This post originally appeared at Mother Jones.
At a white elephant party I attended a few years ago, by far the most popular item -- amid the scented candles and picture frames -- was a half-full bottle of codeine, brought by a friend who figured her old meds could provide someone with a bit of holiday cheer. This might not have been the most ethical (or legal) way to dispose of a prescription medication. But I remember wondering, "Well, what should you do with unused prescriptions?" If you flush the stuff, does a fish somewhere downstream end up stoned (see "Drugging Our Waters")? So I poked around a bit to find out exactly what the deal is.
Can I toss my extra prescription meds down the toilet? As recently as a few years ago, that was the default. But now pretty much everyone agrees it's a bad idea, because some of the more than $230 billion worth of prescription drugs used by Americans every year will make it through the sewage treatment process and into the waterways. (The Food and Drug Administration still recommends flushing OxyContin, Percocet, morphine, and a couple of dozen other drugs so kids and pets can't fish 'em out of the trash.)
But wouldn't they get diluted down to harmless levels? Recent studies have found that human drugs can disrupt the biology and behavior of fish and other aquatic critters at very low concentrations. "You can have measurable behavioral effects in fish and shellfish even at the parts per billion level," says Christian Daughton, a veteran EPA scientist who studies how pharmaceuticals affect waterways. Some drugs apparently accumulate in fish over time: One study published earlier this year in the journal Environmental Science found that male fish whose brains contained traces of Zoloft appeared less anxious. And while that might seem amusing, these fish are also less effective at seeking shelter from predators. One of the lead researchers, Bryan Brooks, director of the environmental health science program at Baylor University, told me that antibiotic waste, which is associated with antibiotic-resistant bacteria in fish, also is a big problem in the wild.
I've heard that the Pill is especially bad. True, synthetic estrogen-type hormones are not good for aquatic life. A 2010 study published in the journal Hormones and Behavior found that male Gulf pipefish exposed to estrogen in a lab for just 10 days developed some female traits. And while the altered males could still reproduce, female fish shunned them. (Scientists have described similar effects in the wild.) But more likely than not, you heard of this issue via an anti-contraception group's 2010 campaign, "The Pill Kills the Environment." (It also kills babies, women, and marriage, according to the group, which peddles "the Pill Kills" T-shirts for $7.)
Wait, we pee out these drugs anyway. So what's the difference? Kate Hagemann, a researcher at the Product Stewardship Institute, told me that intact drugs are concentrated and usually more potent than excreted drugs, since they haven't been metabolized, "so it's best not to add yet another source of those chemicals to our water."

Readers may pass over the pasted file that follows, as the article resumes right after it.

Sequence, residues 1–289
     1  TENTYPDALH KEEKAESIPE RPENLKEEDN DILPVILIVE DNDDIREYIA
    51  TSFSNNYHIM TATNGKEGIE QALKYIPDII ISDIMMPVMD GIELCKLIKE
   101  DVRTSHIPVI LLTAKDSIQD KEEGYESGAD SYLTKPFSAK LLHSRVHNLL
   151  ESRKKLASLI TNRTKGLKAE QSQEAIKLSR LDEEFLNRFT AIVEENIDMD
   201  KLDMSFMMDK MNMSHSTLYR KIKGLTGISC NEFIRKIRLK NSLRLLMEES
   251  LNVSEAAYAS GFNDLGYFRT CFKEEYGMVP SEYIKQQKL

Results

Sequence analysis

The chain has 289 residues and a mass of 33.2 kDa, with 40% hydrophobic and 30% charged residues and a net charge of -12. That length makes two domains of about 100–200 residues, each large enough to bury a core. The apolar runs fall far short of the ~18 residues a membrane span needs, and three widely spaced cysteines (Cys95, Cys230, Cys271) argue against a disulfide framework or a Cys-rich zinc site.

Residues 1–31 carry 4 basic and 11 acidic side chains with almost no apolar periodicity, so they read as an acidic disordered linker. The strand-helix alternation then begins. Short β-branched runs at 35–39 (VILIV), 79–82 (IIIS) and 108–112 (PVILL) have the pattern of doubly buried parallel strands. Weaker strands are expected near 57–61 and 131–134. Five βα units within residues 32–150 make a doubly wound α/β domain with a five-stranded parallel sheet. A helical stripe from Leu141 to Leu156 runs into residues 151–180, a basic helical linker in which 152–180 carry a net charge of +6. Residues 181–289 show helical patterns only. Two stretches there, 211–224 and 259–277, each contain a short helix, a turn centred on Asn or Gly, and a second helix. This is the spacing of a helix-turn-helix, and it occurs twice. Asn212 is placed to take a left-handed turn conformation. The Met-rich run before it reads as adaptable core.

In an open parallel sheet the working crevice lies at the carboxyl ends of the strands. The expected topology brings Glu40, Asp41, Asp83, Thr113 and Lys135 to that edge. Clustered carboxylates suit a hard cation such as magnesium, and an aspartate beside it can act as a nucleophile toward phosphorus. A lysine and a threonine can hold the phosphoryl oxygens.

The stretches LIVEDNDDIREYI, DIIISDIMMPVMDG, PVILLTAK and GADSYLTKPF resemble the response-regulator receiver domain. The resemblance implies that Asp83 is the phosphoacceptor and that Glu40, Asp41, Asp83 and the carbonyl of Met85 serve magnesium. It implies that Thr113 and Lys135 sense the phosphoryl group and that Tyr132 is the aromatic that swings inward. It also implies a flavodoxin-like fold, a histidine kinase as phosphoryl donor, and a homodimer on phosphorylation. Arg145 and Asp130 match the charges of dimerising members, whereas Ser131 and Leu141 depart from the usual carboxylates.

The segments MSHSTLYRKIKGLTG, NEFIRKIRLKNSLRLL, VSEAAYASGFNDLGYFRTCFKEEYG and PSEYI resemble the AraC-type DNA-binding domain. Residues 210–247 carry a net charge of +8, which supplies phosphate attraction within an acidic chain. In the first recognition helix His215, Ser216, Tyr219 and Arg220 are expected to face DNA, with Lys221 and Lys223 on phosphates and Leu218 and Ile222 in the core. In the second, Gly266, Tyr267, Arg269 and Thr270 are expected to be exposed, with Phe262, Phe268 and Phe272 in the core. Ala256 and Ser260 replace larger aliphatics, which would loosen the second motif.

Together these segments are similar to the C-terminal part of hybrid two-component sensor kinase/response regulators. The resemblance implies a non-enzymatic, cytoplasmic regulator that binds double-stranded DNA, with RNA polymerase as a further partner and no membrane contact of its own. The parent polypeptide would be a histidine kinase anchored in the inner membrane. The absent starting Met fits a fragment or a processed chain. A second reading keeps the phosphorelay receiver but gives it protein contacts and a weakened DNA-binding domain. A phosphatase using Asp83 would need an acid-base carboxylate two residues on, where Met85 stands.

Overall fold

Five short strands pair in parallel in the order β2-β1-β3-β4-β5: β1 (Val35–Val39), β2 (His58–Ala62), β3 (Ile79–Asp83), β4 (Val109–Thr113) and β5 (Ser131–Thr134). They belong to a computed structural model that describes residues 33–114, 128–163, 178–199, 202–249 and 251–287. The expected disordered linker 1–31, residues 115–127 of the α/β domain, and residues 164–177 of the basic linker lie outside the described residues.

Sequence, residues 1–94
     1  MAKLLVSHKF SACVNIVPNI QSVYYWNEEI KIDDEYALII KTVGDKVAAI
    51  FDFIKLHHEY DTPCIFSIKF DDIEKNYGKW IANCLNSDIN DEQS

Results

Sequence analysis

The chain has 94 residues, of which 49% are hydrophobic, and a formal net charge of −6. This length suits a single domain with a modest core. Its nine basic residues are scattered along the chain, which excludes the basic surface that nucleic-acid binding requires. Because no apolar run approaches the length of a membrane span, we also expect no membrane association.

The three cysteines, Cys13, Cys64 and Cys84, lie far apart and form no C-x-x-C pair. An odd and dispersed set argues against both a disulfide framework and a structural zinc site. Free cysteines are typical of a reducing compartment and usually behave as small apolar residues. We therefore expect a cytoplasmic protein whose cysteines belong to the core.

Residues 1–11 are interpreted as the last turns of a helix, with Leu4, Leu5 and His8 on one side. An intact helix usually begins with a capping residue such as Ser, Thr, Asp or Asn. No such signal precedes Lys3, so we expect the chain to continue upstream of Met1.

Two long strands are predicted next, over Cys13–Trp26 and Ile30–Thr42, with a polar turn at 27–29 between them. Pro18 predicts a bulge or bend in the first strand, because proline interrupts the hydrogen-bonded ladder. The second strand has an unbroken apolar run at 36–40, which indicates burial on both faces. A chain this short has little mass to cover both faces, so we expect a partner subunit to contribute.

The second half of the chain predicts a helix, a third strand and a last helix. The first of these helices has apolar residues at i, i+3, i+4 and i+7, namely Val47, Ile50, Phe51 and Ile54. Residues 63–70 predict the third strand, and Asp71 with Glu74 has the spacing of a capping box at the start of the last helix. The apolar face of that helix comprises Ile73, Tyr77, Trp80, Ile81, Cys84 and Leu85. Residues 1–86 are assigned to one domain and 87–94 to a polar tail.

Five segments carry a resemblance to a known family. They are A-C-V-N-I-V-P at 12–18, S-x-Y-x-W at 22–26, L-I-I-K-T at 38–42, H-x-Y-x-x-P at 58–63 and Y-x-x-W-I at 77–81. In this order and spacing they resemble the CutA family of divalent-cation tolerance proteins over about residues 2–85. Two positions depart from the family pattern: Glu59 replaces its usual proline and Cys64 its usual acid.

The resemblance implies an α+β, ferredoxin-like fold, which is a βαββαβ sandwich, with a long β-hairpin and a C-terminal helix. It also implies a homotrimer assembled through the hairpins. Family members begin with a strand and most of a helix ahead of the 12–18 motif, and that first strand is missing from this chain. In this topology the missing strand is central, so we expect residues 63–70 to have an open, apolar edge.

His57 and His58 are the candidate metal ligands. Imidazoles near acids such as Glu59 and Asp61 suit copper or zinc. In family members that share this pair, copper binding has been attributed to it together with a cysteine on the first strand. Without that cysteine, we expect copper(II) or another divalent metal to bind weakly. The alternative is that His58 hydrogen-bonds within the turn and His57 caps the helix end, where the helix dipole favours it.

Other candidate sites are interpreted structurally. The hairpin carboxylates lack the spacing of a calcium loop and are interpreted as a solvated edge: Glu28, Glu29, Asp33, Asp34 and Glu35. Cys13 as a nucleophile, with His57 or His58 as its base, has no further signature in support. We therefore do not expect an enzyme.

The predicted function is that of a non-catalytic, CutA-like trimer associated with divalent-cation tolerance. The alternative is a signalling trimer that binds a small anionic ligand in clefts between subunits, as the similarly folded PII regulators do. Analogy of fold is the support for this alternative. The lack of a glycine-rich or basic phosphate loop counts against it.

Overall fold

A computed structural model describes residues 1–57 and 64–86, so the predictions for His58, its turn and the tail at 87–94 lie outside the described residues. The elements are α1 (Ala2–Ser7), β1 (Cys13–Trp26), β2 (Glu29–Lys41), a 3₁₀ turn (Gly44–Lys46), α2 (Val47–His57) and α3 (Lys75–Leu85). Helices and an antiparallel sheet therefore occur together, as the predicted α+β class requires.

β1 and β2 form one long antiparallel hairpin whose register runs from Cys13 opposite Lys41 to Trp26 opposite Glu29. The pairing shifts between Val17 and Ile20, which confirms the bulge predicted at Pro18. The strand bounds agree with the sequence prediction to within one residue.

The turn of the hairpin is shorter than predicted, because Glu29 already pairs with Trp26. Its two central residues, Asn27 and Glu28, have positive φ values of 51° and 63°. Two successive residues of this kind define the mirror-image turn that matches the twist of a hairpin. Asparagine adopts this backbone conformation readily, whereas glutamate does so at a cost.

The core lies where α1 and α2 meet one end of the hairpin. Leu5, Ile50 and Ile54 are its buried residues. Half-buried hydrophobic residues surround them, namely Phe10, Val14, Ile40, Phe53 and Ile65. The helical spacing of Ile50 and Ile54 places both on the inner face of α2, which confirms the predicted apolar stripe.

My friend says you should chop up old pills and mix them with kitty litter or coffee grounds before trashing them. This method will certainly make your teenage son less psyched to snort your leftover Vicodin. But while it may be slightly better than flushing, the drugs will probably languish in a landfill, where they could still mix with water and leach into the environment -- or end up at a sewage facility that processes liquid waste from dumps -- both of which take you back to square one. You could leave the drugs in their plastic bottles, which won't leak as easily. But since that just puts more plastic in the landfills, your best option is a medication take-back program.
Okay, where can I find one? The Drug Enforcement Administration holds periodic prescription drug take-backs at local police stations, and some states and localities host their own programs. (The excess pharmaceuticals are typically incinerated, along with seized illegal drugs like cocaine and heroin.) A few states have tried to persuade Big Pharma to sponsor take-backs, but companies have resisted. In Washington State, for instance, the industry group PHRMA has fought proposals for sponsored take-backs, arguing that they are too expensive and that consumers should just throw unwanted medicines in the trash. The drugmaker Genentech actually claimed that a take-back requirement would stymie the growth of the state's burgeoning biotech sector. (Genentech and PHRMA are sponsoring a yearlong pilot program in San Francisco, though.)
Can't we just make drugs that are less toxic to the environment? Baylor's Brooks told me about the emerging field of green pharmacology, which aims to create more enviro-friendly drugs. The breast cancer drug Herceptin, for instance, is specifically targeted to patients for whom it is genetically most likely to be effective, thereby reducing waste. "Pharmaceuticals are some of the best studied substances out there," he says. "There's no reason we can't use that knowledge to make drugs more benign."